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New Study Confirms Insulin Dysregulation Status Cannot Be Predicted From Physical Observation Alone

7 months ago

13th September, 2023 11h27


Insulin dysregulation (ID) status in ponies cannot be determined solely by observation of body condition, was the conclusion a new study, published online  last month in association with the SPILLERS™ brand.1 The results highlight that ID, and the associated increased risk of laminitis, may occur in ponies across a wide range of body conditions, ages and levels of exercise, not just in those that are overweight. The study also showed that ID was less common in ponies that undertook more exercise including low-intensity exercise.

“This work confirms that while body condition is a useful indicator, we can’t simply assume that ponies with obvious physically apparent attributes such as excess weight are the only group likely to have ID,” said Sarah Nelson, Product Manager at Mars Horsecare, home of the SPILLERS brand. “We must consider multiple variables when targeting ponies for ID screening, in order not to miss those potentially at increased risk of laminitis, who may have a ‘healthy’ body condition score. The association with even low-level exercise is also an important practical management message for horse owners.”.

Insulin is a hormone produced by the pancreas. The release of insulin is the signal for cells, largely in muscle and liver tissue to absorb glucose (sugar) from the blood. Insulin dysregulation (ID) is a term that includes a high basal or ‘resting’ insulin (in the blood), an exaggerated insulin response to consuming starch and/ or sugar and tissue insulin resistance (a failure of cells to respond to insulin). The concentration of insulin was measured in the blood of ponies in this study before and sixty minutes after they were given, orally, a sugar syrup (an oral sugar test (OST)). An association between ID and laminitis is well-established and early detection of ID is likely to be useful in helping to prevent the disease.

The study carried out by Edd Knowles and colleagues at the Royal Veterinary College, London entitled Factors associated with insulin responses to oral sugars in a mixed-breed cohort of ponies was conducted in collaboration with the makers of SPILLERS, via the WALTHAM™ Equine Studies Group. 

A total of 1763 OSTs were taken from 367 non-laminitic ponies over four years. The ponies were visited and tested in the Spring and Autumn unless they developed laminitis. Various physical parameters were recorded at the time of each OST including weight, height, body length, neck length, heart girth, belly girth, body condition score and cresty neck score. Owners/carers were asked to complete a questionnaire concerning the specific characteristics, diet, management, duration and intensity of exercise and health for each pony at each visit. Serum insulin concentration at 60 min (InsulinT60) during an OST, in the first paper from this work2 has been shown to be an indicator of future laminitis risk.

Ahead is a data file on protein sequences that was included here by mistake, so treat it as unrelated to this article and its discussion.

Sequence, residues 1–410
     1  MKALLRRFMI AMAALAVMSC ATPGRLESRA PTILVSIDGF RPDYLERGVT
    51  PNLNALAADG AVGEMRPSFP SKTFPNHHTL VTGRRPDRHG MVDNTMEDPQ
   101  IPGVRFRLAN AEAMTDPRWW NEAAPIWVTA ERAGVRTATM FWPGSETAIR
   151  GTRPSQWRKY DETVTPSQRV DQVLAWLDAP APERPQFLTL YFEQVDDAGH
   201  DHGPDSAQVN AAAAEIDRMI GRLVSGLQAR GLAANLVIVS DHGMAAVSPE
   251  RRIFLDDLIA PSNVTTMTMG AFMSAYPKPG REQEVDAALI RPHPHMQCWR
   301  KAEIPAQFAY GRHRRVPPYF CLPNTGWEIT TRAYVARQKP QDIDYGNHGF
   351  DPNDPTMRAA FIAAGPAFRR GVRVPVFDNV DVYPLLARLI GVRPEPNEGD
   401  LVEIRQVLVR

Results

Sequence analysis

The study concluded that associations between InsulinT60 and physical and owner-reported variables were limited; Season, owner-reported and physical features only explained 10%– 27% of the differences in InsulinT60 risk status in the study population.

The findings support previous work that suggested body condition scoring alone was not sufficient to determine insulin dysregulation (ID) status and emphasises the value of using an oral sugar test to screen for ID status.3

The lead author Edd Knowles stated in the paper: “Our work has shown that while physical and owner-reported features can be used to identify ponies with a higher risk of ID, veterinarians should not limit testing for ID to ponies in which these risk factors are present. Doing so would miss identifying ponies at moderate to high risk of laminitis.” 

The study also indicates that relatively small increments in equine exercise routines may be beneficial. 18% of samples from ponies that were reported to do no trotting exercise were in the high-risk InsulinT60 category compared with only 9% of samples from those reported to undertake 1–2 h of trotting per week. This finding supports earlier research, conducted in collaboration with the SPILLERS brand, via the WALTHAM™ Equine Studies Group, on the benefits of low intensity exercise.4

“We are proud to be involved with this important work which brings considerable practical information to horse owners,” said Sarah Nelson. “As our understanding of the diagnosis and management of insulin dysregulation develops, we will become better equipped at helping to prevent laminitis, with the ultimate goal of eradicating this debilitating disease altogether.”

To find out more about the SPILLERS range contact the Care-Line on + 44 (0)1908 226626 or visit



1.Knowles EJ, Harris PA, Elliott J, Chang Y-M, Menzies-Gow NJ. Factors associated with insulin responses to oral sugars in a mixed-breed cohort of ponies. Equine Vet J. 2023.

2. Knowles, E.J., Elliott, J., Harris, P.A. Chang, Y.M. and Menzies-Gow, N.J. Predictors of laminitis development in a cohort of non-laminitic ponies. Equine Vet. J. 2023: 55 (1) 12-23

3. N.R. Liburt, S.L. Mastellar, E.R. Share, P.A. Harris. How challenging is it to find non-insulin dysregulated horses in an apparently clinically healthy herd of university horses? Journal of Equine Veterinary Science. 2023; 124.

4. Bamford, N ; Potter, S ; Baskerville, C ; Harris, P ; Bailey, S Influence of dietary restriction and low-intensity exercise on weight loss and insulin sensitivity in obese equids J Vet Intern Med. 2019. 33:280- 286

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